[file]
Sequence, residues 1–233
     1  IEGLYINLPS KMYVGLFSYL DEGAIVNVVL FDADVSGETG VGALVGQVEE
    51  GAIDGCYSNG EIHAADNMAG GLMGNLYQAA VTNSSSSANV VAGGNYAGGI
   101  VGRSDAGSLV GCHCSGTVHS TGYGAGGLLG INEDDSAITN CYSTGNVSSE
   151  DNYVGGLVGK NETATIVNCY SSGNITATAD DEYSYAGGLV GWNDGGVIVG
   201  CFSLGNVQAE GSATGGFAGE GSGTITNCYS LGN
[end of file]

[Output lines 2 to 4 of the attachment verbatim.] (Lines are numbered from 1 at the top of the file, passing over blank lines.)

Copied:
     1  IEGLYINLPS KMYVGLFSYL DEGAIVNVVL FDADVSGETG VGALVGQVEE
    51  GAIDGCYSNG EIHAADNMAG GLMGNLYQAA VTNSSSSANV VAGGNYAGGI
   101  VGRSDAGSLV GCHCSGTVHS TGYGAGGLLG INEDDSAITN CYSTGNVSSE